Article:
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If you have a hard time keeping physical settings to stay the same, or randomly have your character be blonde-haired and blue-eyed one day and dark-skinned with curly black hair the next… Well, then creating a board that reminds you exactly what everyone and everything looks like can be extremely helpful.

I personally skim over far too many details when I read, and therefore I don’t generally add enough setting and people-y details to my stories. Therefore, I’ve been working at figuring out exactly what everyone and everything looks like, and then sticking to it with pictures to keep me on track.

Note: Be careful what you search for especially when trying to find characters, to ensure you don’t come up with inappropriate pictures.

Grammarly

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My mom told me for months I should get Grammarly before I finally did the smart thing, paid attention to what she was saying, and downloaded the free version of Grammarly. The free version of Grammarly checks everything I write online, and among other things showed me how many typos and mistakes were slipping through my proofreading and into my blog posts. Y’all put up with a lot from me.

I have yet to check a whole book with Grammarly, and will probably buy the pro version before I do that, but I do check scenes, blog posts, emails, and many other little day-to-day writing-ish things. It’s fairly mindblowing to me how much Grammarly provides for free.

Go Teen Writers

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Yes. I’m really talking about this site again because I can’t hype it enough. It doesn’t matter what age you are if you want a website that’s clean, encouraging, helpful, and honest? Well, you don’t have to look any further.

An added plus for if you are a teen: They have a fantastic Facebook group for writers. I joined it when I was a teen and am really not sure where I’d be on my writing journey today if it wasn’t for the connections, encouragement, and feedback I received there. Also, they have contests and that’s pretty epic.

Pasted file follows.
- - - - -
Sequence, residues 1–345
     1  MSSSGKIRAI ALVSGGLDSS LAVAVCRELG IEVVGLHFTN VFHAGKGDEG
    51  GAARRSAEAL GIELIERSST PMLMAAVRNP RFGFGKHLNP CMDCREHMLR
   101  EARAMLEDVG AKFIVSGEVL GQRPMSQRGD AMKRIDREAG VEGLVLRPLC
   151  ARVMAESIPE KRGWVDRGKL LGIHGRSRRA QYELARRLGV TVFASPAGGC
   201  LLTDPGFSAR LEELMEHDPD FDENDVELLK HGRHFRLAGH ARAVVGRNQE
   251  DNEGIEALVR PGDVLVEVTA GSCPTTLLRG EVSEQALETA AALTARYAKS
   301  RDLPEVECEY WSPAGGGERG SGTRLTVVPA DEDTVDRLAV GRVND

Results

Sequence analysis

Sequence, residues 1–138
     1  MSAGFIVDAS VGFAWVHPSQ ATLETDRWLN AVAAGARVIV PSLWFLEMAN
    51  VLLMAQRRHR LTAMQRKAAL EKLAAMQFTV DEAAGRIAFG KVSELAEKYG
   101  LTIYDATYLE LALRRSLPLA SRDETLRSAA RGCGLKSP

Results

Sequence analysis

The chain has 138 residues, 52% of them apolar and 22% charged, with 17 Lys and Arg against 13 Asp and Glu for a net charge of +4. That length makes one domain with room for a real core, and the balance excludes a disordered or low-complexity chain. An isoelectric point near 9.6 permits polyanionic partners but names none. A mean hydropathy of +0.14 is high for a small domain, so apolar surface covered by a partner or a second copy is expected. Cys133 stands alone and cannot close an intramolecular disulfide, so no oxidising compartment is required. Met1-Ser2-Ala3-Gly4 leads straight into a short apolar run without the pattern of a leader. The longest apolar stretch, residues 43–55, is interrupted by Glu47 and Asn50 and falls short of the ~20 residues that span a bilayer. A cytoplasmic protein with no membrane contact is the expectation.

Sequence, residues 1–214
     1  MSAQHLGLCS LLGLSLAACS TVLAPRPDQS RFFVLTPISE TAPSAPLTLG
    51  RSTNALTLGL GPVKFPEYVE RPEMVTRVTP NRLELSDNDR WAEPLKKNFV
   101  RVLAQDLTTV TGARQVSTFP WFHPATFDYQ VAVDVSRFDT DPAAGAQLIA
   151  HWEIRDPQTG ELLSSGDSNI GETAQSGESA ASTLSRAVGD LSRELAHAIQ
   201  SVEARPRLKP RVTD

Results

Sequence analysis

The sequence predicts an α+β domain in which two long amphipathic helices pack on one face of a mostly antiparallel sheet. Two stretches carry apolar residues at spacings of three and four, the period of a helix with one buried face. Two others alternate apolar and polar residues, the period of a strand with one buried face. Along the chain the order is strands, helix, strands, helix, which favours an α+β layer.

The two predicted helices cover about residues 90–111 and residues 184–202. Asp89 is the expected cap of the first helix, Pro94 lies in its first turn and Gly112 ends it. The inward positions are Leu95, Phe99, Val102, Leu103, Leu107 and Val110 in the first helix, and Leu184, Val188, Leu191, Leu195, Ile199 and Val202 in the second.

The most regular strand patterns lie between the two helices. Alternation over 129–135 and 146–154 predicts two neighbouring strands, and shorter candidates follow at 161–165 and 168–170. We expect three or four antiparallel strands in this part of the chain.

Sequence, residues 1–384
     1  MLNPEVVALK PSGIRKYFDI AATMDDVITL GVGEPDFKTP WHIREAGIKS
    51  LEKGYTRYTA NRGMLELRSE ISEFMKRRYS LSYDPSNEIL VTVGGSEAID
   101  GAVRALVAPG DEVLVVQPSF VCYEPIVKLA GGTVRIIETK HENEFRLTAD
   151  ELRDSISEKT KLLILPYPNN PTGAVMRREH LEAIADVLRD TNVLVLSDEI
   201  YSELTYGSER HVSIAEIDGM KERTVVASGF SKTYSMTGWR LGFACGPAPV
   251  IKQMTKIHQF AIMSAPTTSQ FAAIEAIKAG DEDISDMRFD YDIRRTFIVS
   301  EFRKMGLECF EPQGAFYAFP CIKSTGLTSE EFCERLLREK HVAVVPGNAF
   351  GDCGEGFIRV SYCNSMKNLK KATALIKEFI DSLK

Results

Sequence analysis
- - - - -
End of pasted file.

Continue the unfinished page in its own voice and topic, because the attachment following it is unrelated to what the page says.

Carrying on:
Book Reviews

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I’m not sure how many hundreds of hours I’ve spent over the years reading book reviews of books I know I’m never going to read, but the count is probably high. Amazon, Goodreads, and I are great friends. Often times when I’m sick, tired, or just need a breather, instead of pulling up a book to read I hop onto Amazon or Goodreads and browse book reviews. (Review blogs are also a great place to do this.)

Why?

There’s nothing like reading someone’s feedback on a book to help me figure out what’s popular in today’s society. This is especially helpful when it comes to popular books I know I’ll never read because of content they contain. (Although, there are a lot of books that I don’t even read reviews for if the content is bad enough.)

I also enjoy knowing what people do and don’t like in stories and then pondering what they said and figuring out if I should apply it to my books somehow. For instance, one day years ago I read in a review how the reader really enjoyed the food references the author made because, ya know, food is helpful for staying alive. This made me realize that I didn’t hardly ever mention food in my stories and I should remedy that.

This is also a great way to see what people are tired of reading. It doesn’t help to read a few reviews, but when you read dozens and then hundreds of them, you begin to see a pattern about what’s trending.

Sample Chapters

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There are far more books out there then any of us will ever be able to read. Therefore, sometimes instead of reading a book, I’ll go on a kick where I read sample chapters on Amazon.

This is something I generally do when I’m either really tired, sick, or in need of a good book. I’ll get on Amazon and start browsing. Amazon has this nifty little feature where it recommends similar books to you, so find one good story and a dozen others will pop up.

Sample chapters are incredibly interesting for a multitude of reasons, the main ones being:
1) You can learn what to do and not do to grip the reader from the first page
2) You invest ten minutes to get to know a new author and decide if they’re worth pursuing by requesting their book at the library or buying a copy
3) You’ll read new ideas that you never even thought of, but since you don’t know how it plays out you don’t have to worry about plagiarizing
4) You’ll get a broader idea of what’s on the market today
5) You’ll learn how to write better and more interesting characters
6) You begin to see what types of books and genres are intriguing to you

Google